Last weekend’s Kiev Major crowned OG as a four-time Majors winner and celebrated the CIS region’s Dota 2 history. After the closing ceremony, however, the last thing viewers saw was an unexplained montage of women simply watching the matches. Since then, that footage has been critiqued by some of the community for making women feel like “second class citizen[s].”
The video wasn’t posted in error. The upload to YouTube and later Reddit comments from production studio PGL confirmed that “Girls of Kiev” was indeed intentional, and not just one creepy cameraman’s B-roll.
Update [6:31 p.m. ET]: It appears the video has been pulled from PGL’s YouTube channel.
Though the video has been removed from YouTube, you can still view the video in its entirety through the Twitch clips below:
While it was unclear what, if any, sentiment the video was intended to express, the criticism was almost immediate, with many questioning who okayed it to run at all:
On Reddit, PGL spokesperson “DarkPGL” seemed nonchalant in his response to critics.
In response Peachy, a manager of Dota 2 female advocacy group Desoladies, wrote about her criticisms of the video, and the stigma content like it creates:
The bottom line is that literally every single woman I’ve talked to in the Dota community deals with some kind of discrimination and just wants to be treated like a normal fan. We don’t expect trolls or simple-minded dota players to change, but at the very least we do expect and hope that major organizations (hello, PGL handles some of the biggest Valve events) to not encourage or condone this kind of treatment. It’s in your best interests for this community to grow and not chase off potential new fans, so next time please think this through more. I do not speak for women as a whole, but I can certainly tell you that this video made me feel very, very frustrated as I am working very hard to try to get more women into this game and be treated fairly. My heart is heavy to see women like myself put on display as a side-show or special feature, it really makes you feel like a second class citizen.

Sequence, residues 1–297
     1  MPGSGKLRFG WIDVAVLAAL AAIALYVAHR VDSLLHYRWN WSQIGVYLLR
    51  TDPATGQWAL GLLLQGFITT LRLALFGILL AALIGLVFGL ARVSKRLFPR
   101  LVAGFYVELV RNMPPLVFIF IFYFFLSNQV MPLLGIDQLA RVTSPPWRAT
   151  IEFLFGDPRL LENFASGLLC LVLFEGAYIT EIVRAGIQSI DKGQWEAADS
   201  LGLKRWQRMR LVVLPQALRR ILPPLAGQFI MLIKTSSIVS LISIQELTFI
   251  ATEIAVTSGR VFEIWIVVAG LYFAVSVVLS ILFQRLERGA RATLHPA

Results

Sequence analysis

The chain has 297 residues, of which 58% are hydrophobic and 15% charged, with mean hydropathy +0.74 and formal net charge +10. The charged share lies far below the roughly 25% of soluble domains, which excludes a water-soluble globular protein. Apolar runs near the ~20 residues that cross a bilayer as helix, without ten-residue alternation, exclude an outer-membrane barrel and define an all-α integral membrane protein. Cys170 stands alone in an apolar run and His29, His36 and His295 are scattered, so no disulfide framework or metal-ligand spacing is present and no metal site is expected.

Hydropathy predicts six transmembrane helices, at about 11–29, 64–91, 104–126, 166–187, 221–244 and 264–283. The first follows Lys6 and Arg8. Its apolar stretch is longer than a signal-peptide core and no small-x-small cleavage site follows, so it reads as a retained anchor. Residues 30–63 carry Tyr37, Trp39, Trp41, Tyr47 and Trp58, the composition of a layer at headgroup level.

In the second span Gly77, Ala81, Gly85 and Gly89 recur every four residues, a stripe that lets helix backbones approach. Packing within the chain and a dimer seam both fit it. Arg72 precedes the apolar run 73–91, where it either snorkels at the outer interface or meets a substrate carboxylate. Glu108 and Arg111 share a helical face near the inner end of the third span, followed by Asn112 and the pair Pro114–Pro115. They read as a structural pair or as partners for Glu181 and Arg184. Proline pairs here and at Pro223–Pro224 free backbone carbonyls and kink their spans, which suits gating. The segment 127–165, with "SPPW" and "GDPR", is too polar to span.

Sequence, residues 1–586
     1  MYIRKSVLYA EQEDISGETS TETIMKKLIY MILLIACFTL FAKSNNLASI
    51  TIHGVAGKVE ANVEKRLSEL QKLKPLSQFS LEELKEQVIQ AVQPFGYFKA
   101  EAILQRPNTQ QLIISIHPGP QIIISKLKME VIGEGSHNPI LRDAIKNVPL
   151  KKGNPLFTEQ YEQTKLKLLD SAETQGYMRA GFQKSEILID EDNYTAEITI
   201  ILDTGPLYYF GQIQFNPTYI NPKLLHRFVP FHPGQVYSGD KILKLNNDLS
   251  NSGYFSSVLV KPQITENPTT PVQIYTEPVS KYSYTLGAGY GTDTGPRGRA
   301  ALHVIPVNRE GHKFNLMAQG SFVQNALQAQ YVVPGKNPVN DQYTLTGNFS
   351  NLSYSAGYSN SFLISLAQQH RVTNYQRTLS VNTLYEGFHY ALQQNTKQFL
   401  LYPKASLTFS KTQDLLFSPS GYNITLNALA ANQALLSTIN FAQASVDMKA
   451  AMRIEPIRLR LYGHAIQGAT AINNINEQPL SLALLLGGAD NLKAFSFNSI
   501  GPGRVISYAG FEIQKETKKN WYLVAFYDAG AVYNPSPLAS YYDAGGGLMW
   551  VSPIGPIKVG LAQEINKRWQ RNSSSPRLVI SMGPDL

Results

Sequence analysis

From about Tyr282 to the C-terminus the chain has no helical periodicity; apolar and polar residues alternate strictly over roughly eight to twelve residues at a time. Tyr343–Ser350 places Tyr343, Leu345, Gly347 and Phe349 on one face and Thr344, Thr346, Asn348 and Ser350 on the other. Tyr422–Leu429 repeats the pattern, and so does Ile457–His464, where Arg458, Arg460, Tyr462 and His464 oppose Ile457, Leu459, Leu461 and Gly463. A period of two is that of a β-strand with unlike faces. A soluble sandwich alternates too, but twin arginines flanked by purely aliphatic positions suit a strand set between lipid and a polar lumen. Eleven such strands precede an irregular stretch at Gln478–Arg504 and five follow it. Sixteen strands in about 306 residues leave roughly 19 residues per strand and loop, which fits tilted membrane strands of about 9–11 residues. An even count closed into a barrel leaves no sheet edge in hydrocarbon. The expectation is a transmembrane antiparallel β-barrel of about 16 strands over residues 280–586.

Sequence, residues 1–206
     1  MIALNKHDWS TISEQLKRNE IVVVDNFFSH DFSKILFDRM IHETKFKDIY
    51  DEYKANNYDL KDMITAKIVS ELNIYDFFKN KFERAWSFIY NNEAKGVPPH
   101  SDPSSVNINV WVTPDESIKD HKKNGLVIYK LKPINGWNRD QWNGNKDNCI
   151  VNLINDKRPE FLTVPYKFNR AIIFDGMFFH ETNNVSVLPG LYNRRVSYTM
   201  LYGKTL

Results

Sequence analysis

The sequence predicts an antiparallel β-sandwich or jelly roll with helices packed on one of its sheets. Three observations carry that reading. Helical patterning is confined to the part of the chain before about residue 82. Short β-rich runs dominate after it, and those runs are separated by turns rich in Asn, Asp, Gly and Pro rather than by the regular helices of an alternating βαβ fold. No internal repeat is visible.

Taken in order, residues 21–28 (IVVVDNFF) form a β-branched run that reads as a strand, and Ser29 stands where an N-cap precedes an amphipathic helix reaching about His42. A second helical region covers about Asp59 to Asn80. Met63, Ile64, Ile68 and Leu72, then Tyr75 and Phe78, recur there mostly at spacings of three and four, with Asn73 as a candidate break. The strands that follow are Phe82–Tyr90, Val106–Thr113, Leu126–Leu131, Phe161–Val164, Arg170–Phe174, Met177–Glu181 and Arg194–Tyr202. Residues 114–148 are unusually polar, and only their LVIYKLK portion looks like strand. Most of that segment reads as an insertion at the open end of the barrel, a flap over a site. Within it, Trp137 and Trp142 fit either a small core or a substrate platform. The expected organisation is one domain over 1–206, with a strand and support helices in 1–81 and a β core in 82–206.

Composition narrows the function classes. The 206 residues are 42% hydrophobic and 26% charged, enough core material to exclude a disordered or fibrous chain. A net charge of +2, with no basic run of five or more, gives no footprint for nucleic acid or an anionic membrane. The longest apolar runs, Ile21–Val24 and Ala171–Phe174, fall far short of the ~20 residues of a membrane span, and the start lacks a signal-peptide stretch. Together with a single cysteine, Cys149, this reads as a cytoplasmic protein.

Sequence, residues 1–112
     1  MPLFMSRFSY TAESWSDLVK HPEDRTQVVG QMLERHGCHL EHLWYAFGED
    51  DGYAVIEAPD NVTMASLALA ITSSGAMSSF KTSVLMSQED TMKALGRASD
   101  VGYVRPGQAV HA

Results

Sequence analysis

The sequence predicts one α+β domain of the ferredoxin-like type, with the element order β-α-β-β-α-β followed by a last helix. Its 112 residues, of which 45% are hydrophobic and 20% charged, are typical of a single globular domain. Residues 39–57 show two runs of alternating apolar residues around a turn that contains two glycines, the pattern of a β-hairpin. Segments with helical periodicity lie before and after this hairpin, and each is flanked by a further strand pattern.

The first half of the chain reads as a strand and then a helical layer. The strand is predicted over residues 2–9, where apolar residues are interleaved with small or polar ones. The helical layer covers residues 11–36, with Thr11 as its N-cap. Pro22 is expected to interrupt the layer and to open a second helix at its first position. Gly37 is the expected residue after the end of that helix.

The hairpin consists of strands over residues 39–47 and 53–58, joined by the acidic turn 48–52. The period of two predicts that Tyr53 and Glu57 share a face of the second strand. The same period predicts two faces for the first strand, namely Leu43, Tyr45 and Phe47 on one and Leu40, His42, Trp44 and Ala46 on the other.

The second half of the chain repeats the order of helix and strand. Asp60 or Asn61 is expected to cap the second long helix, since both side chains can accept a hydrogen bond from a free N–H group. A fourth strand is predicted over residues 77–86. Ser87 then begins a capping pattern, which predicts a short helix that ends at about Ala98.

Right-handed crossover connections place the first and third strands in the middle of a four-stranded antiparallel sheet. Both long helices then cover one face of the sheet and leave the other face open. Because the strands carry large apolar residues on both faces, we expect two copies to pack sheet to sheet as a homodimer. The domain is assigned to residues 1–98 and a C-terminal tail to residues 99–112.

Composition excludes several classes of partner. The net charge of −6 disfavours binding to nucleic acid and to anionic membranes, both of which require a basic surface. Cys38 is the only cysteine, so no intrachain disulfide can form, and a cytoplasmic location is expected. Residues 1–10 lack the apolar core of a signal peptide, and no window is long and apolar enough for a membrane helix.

Several other pros and analysts voiced their disdain as well.
In a conversation with Peachy, she told me that while there have been some predictably vitriolic comments, most of the response she’s seen has been in support of better inclusion and representation than what this video represents. For her, representation is about seeing women participating as fans, rather than singled out solely due to their gender.
“There are tons of women who are genuinely passionate about Dota and the Dota scene,” said Peachy. “You don’t capture that enthusiasm by filming a girl sitting in a chair, eating a French fry, unaware of the camera. If PGL or any company wanted to specifically focus on women, then let the women do the talking.”
We’ve reached out to PGL for comment, but at the time of publishing they had not replied.